Bryan Ray, our diligent webmaster, had begun posting the Faith and Gaming series, as I mentioned, on May 10th, 2016. It was a Tuesday. At that point he had quite a volume of material to post, given the years for which the Guild had been publishing material and the people willing to contribute, so he was posting material every Tuesday and Thursday, and an installment of Faith and Gaming hit the web every week, on Tuesday. He ran through the first seventeen of the forty-nine original series articles at that rate, along with materials by quite a few other contributors and one other of mine, and then on September 1st realized that he was going to exhaust the stores faster than new material would replace it, so he cut back to posting on Tuesday only. Faith and Gaming appeared every other week thereafter.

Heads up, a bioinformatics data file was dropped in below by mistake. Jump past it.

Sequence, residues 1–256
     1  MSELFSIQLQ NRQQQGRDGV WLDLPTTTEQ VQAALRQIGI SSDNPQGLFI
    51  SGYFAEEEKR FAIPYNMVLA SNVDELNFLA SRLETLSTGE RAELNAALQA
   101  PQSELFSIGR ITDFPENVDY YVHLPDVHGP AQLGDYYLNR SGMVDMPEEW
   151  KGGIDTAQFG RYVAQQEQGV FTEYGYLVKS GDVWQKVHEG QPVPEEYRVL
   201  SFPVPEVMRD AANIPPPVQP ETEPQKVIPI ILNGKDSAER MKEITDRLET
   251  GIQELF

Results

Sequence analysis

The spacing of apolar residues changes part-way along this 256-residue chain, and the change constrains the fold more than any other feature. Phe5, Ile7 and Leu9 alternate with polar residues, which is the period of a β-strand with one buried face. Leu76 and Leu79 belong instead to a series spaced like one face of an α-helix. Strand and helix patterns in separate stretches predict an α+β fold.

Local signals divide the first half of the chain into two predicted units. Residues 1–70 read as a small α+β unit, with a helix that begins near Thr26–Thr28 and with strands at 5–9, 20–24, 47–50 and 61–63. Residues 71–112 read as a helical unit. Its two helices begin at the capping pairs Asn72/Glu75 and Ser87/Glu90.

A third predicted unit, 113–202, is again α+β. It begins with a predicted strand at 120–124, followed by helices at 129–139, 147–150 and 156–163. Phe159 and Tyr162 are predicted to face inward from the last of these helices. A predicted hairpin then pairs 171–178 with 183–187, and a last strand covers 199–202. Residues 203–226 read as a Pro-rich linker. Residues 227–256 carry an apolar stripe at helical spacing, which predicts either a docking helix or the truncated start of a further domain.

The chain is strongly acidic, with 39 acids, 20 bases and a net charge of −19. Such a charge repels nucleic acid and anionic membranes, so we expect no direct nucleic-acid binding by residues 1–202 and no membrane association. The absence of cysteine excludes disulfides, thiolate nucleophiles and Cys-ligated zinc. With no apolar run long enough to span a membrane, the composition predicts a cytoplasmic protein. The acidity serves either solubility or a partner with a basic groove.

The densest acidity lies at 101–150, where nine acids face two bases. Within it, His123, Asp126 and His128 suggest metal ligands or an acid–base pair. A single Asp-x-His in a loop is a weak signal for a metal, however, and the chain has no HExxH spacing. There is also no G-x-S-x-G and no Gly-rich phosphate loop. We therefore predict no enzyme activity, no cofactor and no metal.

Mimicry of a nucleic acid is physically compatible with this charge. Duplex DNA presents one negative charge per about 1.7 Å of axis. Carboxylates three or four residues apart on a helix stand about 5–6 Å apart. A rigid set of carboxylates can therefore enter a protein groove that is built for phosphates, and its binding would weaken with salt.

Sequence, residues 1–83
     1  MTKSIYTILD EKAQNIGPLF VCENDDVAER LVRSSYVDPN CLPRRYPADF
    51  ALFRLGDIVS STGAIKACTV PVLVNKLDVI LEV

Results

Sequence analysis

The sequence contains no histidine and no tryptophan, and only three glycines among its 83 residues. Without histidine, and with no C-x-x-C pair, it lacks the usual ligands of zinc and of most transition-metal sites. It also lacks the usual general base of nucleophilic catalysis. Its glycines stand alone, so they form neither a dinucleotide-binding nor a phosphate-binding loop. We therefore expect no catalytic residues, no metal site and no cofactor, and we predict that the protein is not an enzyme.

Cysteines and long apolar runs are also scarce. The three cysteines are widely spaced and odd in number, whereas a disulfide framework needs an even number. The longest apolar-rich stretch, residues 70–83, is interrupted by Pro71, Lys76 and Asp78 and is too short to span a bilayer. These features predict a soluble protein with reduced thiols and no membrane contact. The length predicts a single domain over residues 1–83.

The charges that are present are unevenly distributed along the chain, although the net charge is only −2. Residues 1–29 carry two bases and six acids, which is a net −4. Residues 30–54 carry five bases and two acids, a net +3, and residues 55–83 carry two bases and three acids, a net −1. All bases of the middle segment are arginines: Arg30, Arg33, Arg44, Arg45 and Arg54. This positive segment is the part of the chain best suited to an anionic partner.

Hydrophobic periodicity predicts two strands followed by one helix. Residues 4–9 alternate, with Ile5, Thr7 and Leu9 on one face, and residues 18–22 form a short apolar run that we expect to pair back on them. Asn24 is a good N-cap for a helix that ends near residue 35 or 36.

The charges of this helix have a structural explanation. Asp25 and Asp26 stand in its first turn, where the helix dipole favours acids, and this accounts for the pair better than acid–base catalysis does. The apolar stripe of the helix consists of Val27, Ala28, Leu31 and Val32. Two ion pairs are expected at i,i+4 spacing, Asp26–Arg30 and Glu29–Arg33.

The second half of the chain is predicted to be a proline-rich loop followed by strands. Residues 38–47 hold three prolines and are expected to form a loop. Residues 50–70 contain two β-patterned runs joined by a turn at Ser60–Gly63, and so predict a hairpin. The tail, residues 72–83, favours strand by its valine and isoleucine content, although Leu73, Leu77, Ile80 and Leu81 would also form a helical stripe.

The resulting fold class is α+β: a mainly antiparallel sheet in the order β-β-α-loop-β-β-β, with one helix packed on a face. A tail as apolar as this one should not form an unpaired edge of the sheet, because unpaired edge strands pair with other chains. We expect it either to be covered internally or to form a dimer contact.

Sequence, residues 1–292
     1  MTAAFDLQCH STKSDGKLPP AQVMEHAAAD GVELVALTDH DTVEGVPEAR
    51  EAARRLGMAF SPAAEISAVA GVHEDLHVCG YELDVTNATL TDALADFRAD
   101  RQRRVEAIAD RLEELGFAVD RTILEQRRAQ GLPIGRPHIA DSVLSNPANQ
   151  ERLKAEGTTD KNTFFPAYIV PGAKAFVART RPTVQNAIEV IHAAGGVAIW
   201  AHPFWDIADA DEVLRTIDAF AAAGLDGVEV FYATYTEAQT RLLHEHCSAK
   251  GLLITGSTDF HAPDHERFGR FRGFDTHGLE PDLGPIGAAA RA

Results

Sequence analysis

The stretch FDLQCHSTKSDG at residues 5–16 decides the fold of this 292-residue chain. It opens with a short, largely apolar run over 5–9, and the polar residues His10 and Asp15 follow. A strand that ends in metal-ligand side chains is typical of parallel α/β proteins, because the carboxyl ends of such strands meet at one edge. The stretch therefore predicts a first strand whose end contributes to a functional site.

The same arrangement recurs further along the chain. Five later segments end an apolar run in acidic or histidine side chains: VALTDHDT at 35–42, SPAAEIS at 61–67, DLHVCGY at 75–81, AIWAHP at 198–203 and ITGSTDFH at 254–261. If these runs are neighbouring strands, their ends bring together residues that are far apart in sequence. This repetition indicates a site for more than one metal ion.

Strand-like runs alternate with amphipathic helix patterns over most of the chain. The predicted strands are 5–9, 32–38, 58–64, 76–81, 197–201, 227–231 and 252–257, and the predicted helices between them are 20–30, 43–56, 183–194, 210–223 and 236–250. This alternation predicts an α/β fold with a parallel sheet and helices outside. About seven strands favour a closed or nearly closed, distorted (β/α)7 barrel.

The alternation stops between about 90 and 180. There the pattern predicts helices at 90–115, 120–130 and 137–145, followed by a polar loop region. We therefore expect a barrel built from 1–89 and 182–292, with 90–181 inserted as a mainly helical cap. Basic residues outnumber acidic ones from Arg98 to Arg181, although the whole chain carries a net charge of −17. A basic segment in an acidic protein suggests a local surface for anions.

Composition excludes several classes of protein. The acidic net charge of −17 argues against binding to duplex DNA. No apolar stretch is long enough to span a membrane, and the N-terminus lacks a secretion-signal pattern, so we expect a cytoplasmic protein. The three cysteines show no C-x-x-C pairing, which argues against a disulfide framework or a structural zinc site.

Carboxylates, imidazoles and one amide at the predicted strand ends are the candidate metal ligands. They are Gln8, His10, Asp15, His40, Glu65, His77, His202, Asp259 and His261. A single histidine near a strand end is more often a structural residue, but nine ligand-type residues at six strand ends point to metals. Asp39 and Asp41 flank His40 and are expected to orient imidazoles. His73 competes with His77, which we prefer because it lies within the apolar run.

The coincidence is that the twenty-ninth article in the series appeared on February 14th, 2017. At the time it was decided to post on Tuesdays and not Thursdays, no one was aware that Valentine’s Day would fall on a Tuesday, nor gave it much thought. Nor did anyone ever count out what article would appear when, other than calculating when the series would end so we could know when to start this one. However, the twenty-ninth article, which by this string of unrelated unconsidered causes happened to fall on that particular romantic holiday, is Faith and Gaming: Sex, discussing the propriety of sexual relationships within our role playing game worlds.